At the end of last year, i read about bio-ink and bio-paper that could make so-called organ printing a reality. Suwan Jayasinghe of University College London and colleagues at Kings College London has used a form of ink-jet printing to create “jets” of living cells. SThe biophysicists say their technique, which does not destroy the cells, could be used to grow biological tissue or even human organs. The technique involves jetting biological cells from a needle at fields of up to 30 kilovolts.
Micrograph showing micron-sized cells that are unharmed (image credit: S Jayasinghe)
In medicine, ink-jet printers technology has been used to create 2D and 3D patterns of living cells by squeezing a solution containing the cells from a needle using piezoelectric crystals. However, the method is limited by the diameter of the needle and cannot produce droplets smaller than about 100 microns, which means that biological structures with fine features are difficult to make.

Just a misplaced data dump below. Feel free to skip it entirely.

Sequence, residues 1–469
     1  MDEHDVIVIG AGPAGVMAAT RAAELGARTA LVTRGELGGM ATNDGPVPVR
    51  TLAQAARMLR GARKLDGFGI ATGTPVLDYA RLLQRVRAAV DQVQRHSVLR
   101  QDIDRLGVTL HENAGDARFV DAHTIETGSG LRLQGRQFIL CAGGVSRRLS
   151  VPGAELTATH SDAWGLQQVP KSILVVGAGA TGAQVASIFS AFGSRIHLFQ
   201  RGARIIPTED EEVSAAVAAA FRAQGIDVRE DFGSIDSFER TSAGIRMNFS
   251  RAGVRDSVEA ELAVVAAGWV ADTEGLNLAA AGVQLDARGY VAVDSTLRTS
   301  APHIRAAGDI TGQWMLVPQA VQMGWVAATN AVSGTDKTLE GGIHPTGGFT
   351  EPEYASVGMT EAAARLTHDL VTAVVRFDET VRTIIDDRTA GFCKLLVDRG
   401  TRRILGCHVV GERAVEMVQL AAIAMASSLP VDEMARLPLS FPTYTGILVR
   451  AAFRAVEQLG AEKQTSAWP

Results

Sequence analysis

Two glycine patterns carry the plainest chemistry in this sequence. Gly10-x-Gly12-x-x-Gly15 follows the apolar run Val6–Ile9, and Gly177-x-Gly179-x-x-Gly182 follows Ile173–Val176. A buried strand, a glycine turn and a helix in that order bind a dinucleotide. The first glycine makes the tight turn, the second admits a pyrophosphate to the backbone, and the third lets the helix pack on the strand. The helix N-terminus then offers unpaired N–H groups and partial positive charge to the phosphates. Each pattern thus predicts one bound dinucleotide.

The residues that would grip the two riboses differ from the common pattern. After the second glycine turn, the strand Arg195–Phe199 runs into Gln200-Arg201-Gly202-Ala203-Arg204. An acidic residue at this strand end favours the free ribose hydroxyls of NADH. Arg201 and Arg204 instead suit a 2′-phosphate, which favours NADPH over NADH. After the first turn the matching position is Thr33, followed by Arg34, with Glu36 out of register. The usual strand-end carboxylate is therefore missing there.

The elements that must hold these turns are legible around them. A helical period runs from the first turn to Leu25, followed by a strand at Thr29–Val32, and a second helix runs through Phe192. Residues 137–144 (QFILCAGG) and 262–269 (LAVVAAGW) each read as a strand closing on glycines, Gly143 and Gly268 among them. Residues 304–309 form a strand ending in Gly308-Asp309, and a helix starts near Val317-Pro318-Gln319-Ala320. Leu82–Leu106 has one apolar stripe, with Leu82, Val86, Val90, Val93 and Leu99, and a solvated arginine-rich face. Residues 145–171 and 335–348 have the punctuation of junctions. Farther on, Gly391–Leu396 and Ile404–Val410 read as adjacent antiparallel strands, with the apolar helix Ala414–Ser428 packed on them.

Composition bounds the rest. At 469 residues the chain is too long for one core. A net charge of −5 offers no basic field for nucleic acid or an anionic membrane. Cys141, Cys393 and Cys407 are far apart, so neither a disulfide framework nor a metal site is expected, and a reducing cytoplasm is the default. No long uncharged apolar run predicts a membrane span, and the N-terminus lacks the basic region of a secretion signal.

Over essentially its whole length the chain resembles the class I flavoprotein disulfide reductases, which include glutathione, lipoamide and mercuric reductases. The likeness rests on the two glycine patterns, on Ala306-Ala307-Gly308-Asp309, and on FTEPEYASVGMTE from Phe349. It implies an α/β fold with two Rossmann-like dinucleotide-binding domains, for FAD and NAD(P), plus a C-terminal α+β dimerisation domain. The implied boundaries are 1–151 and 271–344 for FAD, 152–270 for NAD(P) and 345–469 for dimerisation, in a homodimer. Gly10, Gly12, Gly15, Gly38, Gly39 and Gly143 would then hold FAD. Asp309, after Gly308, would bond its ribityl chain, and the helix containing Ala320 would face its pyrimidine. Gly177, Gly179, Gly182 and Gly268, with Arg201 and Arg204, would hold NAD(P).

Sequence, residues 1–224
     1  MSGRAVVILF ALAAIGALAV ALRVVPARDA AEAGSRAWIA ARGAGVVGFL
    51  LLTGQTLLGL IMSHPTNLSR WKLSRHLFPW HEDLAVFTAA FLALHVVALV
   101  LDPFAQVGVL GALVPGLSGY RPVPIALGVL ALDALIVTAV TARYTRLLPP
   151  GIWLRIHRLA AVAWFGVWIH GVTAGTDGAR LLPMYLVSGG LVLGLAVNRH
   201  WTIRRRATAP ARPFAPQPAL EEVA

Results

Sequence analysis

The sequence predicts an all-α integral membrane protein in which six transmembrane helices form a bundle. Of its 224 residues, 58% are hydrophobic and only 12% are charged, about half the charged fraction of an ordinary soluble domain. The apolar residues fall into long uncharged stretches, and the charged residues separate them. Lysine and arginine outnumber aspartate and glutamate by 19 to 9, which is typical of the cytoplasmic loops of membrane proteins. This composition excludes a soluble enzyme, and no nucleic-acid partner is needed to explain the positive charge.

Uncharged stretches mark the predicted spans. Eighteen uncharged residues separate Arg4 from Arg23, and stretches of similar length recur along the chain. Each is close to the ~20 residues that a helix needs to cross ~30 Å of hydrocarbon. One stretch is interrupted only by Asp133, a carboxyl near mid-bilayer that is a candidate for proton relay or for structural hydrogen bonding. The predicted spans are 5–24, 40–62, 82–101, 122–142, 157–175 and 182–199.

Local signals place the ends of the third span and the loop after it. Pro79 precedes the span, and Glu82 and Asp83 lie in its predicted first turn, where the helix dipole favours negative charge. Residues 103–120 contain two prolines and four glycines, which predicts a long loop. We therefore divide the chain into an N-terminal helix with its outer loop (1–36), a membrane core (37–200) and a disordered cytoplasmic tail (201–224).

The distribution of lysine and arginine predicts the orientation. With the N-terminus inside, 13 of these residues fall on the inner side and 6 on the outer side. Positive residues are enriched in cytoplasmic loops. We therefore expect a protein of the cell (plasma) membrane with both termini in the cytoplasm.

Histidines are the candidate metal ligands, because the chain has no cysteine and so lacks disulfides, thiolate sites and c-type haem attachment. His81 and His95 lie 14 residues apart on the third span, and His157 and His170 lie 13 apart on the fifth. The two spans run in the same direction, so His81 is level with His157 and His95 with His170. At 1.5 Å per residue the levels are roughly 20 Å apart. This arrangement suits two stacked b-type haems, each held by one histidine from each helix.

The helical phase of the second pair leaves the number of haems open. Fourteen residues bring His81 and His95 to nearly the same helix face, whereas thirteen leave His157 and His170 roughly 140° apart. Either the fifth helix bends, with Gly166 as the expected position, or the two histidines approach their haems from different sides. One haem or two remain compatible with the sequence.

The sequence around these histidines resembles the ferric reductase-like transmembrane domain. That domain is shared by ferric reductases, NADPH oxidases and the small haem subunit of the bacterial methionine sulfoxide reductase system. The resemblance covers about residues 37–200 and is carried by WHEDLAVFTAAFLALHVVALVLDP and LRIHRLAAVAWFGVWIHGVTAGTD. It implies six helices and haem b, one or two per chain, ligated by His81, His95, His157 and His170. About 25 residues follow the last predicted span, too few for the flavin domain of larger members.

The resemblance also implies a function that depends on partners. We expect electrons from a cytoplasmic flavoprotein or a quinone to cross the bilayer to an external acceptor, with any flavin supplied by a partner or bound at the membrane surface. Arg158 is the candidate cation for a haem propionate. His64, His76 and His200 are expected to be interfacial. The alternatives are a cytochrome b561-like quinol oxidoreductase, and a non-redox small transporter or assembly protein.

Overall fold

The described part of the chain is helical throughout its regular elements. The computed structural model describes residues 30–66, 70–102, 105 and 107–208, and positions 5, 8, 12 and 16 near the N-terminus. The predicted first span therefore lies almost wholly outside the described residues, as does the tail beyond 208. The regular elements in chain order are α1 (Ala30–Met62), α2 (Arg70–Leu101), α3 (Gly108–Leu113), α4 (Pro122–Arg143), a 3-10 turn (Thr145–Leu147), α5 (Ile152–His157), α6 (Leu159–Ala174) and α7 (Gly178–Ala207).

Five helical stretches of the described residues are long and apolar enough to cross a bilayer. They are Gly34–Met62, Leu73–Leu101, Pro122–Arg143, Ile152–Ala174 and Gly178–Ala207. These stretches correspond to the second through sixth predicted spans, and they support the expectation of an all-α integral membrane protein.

The “electrohydrodynamic jetting” developed in London overcomes this problem. A liquid suspension of live human cells is passed through a needle with a diameter of 500 microns. A voltage of up to 30kV is applied between the needle and an electrode, which charges the liquid. After leaving the needle, the external electric field turns the liquid into a jet that becomes unstable and disperses into a myriad of droplets.
The method can create droplets as small as just a few microns across from needles with diameters as large as hundreds of microns.